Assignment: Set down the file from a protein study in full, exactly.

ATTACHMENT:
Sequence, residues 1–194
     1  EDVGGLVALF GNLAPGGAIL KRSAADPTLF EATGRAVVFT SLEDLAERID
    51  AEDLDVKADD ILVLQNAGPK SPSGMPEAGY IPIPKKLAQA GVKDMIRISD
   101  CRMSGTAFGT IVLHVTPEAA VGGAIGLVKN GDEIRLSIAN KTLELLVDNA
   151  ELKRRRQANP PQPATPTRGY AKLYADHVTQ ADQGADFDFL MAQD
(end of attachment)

Sequence, residues 1–194
     1  EDVGGLVALF GNLAPGGAIL KRSAADPTLF EATGRAVVFT SLEDLAERID
    51  AEDLDVKADD ILVLQNAGPK SPSGMPEAGY IPIPKKLAQA GVKDMIRISD
   101  CRMSGTAFGT IVLHVTPEAA VGGAIGLVKN GDEIRLSIAN KTLELLVDNA
   151  ELKRRRQANP PQPATPTRGY AKLYADHVTQ ADQGADFDFL MAQD